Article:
(MoneyWatch) flu trends index is showing intense flu activity across the country, at levels far beyond those of recent years. Obviously, illness is going to take its toll on any business, but there are ways to make it less awful, at least from a productivity perspective.year is hitting with a vengeance. Google's
1. Don't scrimp on days off. Sometimes people come into work sick because they want to save their paid days off for vacations and to take care of their kids when they get sick. Figure out if your company's policy is encouraging this behavior, and adjust it when it is. If you think people will game a generous sick day policy, your best bet is to hire different people. One contagious person in the office can wreck a department for the next week.
2. Make remote work possible. If an employee is sick in bed, he's not getting any work done. But if he's home because he's caring for a child who can't go to school or daycare, he might be able to offer feedback on documents or take a call or two while the child is resting. It won't be a 100 percent productivity day, but if he's up for it, a 50 percent day is better than nothing.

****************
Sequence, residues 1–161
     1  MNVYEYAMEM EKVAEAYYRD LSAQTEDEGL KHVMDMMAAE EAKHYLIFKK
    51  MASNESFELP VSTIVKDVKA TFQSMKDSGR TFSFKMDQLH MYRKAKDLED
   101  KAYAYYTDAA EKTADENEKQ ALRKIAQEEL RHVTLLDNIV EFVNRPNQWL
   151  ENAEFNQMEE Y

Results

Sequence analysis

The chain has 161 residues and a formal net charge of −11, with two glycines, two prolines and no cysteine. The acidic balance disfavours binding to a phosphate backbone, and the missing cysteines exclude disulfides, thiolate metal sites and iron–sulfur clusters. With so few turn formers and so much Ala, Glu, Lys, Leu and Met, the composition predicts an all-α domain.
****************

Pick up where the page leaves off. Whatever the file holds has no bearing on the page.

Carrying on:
3. Get serious about hand-washing. Yes, signs in the bathroom seem silly, but the flu is pretty awful, too. Or deliver little bottles of hand sanitizer to every desk.
4. Prevent it (next time). Smart companies already bring in someone to administer the flu vaccine to employees so no one has to leave the office to get the shot. Just keep in mind that if someone in your employee's family gets sick, your employee will still be affected because she'll probably miss work to care for that person. So encourage employees to get their children vaccinated (we try to schedule annual check-ups in the fall so our kids can get that year's shot without a special visit).
What's your plan for dealing with the flu?